4 Matching Annotations
  1. Jan 2022
    1. “I’d like to thank all the people who have taken the time, during this busy holiday season, to reach out and explain to me that, actually, I’m a man,” she wrote. Schneider continued: “Every single one of you is the first person ever to make that very clever point, which had never once before crossed my mind.”
  2. Nov 2021
    1. SynopsisBackground: Following his conviction, pursuant to guilty plea, of two counts of driving while intoxicated with a child passenger under 15 years of age, for which he was sentenced to ten years on each count, to run concurrently, applicant filed pro se application for writ of habeas corpus alleging that conviction on both counts violated double jeopardy. Application was forwarded from the 369th District Court, Cherokee County, and the Court of Criminal Appeals, 2020 WL 5650834, concluded that applicant alleged facts that, if true, might entitle him to relief, and remanded for findings of fact and conclusions of law as to whether applicant was sentenced to multiple punishments in violation of the Double Jeopardy Clause. On remand, the District Court agreed with applicant and recommended that the second count be vacated. The Court of Criminal Appeals, 2021 WL 476471, filed and set case to determine the appropriate unit of prosecution for offenses under the statute of conviction.Holding: The Court of Criminal Appeals, Keller, P.J., held that proper unit of prosecution for offense is each act of driving, not each child occupant.
    1. Last year Joshua Katz, a popular Princeton classics professor, wrote an article critical of a letter published by a group of Princeton faculty on race. In response The Daily Princetonian, a student newspaper, spent seven months investigating his past relationships with students, eventually convincing university officials to relitigate incidents from years earlier that had already been adjudicated—a classic breach of James Madison’s belief that no one should be punished for the same thing twice. The Daily Princetonian investigation looks more like an attempt to ostracize a professor guilty of wrong-think than an attempt to bring resolution to a case of alleged misbehavior.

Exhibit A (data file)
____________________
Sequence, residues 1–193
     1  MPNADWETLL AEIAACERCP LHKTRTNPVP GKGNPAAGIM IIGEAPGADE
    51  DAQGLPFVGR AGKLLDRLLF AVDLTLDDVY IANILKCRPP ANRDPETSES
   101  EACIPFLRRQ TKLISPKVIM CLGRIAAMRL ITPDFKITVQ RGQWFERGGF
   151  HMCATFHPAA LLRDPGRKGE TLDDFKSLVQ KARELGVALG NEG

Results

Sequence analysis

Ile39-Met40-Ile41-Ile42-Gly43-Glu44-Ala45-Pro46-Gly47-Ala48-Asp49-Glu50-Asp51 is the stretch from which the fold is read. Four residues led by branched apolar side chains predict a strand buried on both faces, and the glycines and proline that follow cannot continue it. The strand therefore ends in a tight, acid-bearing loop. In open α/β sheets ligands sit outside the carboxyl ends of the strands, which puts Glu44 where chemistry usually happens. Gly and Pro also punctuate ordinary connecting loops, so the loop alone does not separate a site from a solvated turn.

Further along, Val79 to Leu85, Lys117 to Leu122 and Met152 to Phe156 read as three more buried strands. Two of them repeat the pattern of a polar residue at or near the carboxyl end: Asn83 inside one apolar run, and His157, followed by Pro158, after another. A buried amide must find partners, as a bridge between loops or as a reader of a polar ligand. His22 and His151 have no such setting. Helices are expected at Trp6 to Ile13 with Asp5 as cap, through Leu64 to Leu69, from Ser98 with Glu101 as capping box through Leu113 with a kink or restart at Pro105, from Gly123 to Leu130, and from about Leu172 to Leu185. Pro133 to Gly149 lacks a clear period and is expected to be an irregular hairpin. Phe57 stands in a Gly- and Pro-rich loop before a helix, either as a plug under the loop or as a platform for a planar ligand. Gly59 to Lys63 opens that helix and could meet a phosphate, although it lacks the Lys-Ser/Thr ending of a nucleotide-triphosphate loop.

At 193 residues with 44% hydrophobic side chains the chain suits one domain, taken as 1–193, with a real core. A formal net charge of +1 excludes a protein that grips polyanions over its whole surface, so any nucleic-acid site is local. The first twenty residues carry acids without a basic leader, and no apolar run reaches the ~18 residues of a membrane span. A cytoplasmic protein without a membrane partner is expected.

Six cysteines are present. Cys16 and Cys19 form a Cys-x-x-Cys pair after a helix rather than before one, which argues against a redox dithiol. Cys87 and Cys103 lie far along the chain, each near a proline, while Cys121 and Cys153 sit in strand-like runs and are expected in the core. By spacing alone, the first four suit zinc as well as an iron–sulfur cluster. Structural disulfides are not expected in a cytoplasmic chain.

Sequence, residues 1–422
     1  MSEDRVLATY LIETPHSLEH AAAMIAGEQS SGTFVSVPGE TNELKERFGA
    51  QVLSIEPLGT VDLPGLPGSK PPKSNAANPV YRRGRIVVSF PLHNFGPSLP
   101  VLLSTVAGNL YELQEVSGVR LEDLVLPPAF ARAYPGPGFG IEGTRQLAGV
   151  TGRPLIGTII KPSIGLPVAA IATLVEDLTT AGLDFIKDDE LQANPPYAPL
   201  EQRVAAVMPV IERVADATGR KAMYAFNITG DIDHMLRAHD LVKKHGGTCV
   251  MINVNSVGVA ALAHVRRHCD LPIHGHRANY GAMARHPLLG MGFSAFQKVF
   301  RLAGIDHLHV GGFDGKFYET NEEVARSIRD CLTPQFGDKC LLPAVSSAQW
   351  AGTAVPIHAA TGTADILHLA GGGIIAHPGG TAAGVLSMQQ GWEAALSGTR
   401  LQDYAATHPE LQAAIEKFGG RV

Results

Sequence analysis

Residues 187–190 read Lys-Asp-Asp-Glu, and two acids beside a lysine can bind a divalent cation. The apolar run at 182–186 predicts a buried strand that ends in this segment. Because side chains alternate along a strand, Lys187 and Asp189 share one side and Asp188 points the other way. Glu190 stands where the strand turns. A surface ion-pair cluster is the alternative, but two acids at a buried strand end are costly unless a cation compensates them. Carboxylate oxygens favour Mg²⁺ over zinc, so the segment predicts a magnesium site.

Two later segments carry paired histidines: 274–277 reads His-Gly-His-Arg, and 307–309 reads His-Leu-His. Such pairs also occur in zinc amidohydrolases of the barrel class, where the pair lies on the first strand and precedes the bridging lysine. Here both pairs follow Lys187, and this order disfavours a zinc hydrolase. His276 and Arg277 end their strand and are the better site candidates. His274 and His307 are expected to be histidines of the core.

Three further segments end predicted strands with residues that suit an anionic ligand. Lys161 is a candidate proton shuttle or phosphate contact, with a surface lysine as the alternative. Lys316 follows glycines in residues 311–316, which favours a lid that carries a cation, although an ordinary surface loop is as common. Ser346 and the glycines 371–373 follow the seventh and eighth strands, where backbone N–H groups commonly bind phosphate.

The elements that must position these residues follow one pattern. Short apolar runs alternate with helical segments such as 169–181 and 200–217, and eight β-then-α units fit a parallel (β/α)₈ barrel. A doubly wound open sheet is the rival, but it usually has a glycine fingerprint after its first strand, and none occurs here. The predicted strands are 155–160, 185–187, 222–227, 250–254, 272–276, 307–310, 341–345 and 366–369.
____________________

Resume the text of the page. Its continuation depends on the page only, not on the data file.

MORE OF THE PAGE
The example of Joshua Katz brings up the idea of double jeopardy within the social sphere. Is this form of punishment ethical or fair? Also, while those transgressions were held to account by the norms of their day, were there other larger harms (entailing unwritten rules) to humanity that weren't adjudicated at the time which are now coming to the surface as part of a bigger aggregate harm?

      It could be seen as related to the idea of reparations. In some sense, aside from the general harms of war—in which they participated—the South and slave holders in particular were never held to account or punished for their crimes against humanity. Though they may have felt as if they were. Where are those harms adjudicated? Because of a quirk of fate and poor politics following the Civil War and not being held to account, have those in the South continued perpetuating many of the same harms they were doing, simply in different guises? When will they be held to account? How would reparations look in the form of a national level of restorative justice?

  3. Feb 2019
    1. the study of language and literature, social institutions and law, ideology and class structure, and personal psychology and human nature

      What is, "another definition of rhetoric?"